Saturday, September 11, 2010

God is Imaginary: #22 Rebuttal

This post is addressing the objections to the last post in this series, #22 Count all the People God wants to Murder.


"Deserved to die" is different from "wants them killed."

I concur, and Scripture even supports that interpretation. In Genesis 15:16, concerning the entry into Canaan, God said, "In the fourth generation your descendants will come back here, for the sin of the Amorites has not yet reached its full measure." Though they already deserved to die, after all, "the wages of sin is death," it wasn't until generations later that they had become so thoroughly corrupted that God would command that they be killed.


In this case, the answer is as you say -- it's for the benefit of the believers carrying out the orders. Apparently murder builds character.

Once again it depends on who you are. A soldier who refuses combat is a bad soldier, whatever else he may be. A people who are commanded to rid evil from a land would be wrong not to do so.


Then ask yourself, 'Why am I comfortable worshiping a God who acts nice now, but in the past basically presided over a reign of terror?'"

I am comfortable because there is the ceaseless distinction between Law and Gospel. There's a story about Robert E. Lee having a soldier brought before him for a court martial. The soldier was quivering and Lee said, "Don't worry, son, you'll get justice here." The soldier replied, "I know, sir, that's what I'm afraid of." In the Old Testament, we saw the consequences of a just God. It is, and should be, enough to terrify us. In the New Testament, the pure mercy of Godis added to his justice, and as the hymn writer said, "All my fears relieved." It is very hard to understand how David could sing of the love of God with only the Old Testament to go on.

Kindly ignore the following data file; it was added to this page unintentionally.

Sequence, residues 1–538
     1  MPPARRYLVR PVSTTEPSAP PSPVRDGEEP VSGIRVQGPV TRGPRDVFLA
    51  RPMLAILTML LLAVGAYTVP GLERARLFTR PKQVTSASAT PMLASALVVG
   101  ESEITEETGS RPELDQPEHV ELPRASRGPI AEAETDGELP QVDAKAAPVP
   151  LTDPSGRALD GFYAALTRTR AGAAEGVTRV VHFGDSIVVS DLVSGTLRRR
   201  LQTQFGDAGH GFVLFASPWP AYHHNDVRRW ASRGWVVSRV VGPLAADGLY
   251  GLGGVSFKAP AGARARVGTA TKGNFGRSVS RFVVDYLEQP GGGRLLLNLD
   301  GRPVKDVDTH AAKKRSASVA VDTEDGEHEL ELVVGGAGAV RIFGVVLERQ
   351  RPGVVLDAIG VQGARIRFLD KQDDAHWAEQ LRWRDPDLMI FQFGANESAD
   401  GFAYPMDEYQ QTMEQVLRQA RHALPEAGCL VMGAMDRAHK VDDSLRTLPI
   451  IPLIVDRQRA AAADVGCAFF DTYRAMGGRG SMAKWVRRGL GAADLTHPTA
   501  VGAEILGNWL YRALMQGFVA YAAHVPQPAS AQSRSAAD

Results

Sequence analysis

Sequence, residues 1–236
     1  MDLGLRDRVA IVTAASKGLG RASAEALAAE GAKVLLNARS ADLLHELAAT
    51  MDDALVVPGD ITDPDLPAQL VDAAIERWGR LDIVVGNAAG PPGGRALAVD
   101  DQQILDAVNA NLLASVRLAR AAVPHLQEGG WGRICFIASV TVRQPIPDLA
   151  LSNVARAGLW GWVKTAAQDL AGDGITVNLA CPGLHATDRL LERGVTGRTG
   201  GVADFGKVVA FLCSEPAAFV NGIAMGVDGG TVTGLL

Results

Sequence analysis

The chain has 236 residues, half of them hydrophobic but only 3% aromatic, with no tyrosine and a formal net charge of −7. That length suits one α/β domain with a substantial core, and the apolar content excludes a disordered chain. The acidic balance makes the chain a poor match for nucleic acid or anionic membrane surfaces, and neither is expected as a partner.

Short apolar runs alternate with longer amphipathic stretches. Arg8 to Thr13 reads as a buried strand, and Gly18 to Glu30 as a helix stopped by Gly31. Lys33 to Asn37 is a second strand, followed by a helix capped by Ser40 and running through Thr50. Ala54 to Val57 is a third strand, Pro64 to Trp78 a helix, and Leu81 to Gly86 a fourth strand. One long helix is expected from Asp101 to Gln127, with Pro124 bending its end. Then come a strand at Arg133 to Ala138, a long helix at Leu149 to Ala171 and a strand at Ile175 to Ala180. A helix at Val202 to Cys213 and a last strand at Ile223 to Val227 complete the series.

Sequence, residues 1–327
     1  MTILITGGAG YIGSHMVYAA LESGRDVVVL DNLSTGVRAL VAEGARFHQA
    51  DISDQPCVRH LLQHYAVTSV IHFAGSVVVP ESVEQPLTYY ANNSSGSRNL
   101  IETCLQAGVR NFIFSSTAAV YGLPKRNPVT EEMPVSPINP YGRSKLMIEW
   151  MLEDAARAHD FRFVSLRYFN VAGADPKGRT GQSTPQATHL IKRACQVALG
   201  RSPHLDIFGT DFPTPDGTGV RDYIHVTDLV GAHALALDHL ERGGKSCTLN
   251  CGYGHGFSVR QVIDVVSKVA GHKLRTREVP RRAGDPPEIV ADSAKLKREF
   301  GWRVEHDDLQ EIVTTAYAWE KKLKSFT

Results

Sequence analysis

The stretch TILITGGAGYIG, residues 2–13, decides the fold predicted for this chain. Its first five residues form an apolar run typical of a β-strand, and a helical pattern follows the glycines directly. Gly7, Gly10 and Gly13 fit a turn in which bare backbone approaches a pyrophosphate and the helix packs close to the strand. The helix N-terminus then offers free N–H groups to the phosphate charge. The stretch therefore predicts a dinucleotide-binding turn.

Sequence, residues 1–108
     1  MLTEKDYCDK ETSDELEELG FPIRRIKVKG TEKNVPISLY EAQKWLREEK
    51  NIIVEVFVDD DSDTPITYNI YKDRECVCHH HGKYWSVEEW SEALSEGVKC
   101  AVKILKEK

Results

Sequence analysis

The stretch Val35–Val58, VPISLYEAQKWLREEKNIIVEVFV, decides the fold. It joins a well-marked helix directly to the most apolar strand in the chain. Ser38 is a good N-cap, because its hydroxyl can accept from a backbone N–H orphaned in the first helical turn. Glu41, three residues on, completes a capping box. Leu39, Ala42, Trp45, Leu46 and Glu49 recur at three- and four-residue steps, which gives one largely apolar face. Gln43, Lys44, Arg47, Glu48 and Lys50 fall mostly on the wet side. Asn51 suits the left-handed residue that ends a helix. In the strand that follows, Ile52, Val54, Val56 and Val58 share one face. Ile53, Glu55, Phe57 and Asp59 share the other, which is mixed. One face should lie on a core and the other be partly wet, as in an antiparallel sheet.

And that "It's logically impossible to keep the Sabbath but that's still your fault" is bullshit, as I've said before. That's the system designer's fault, not the occupants'.

By no means. The reason sin has become unavoidable is because of sin. It is both the cause and the consequence. Would you prefer that God ceaselessly intervene to prevent you from sinning, when he created a perfect world and we still failed?

Back to the 50 Reasons.

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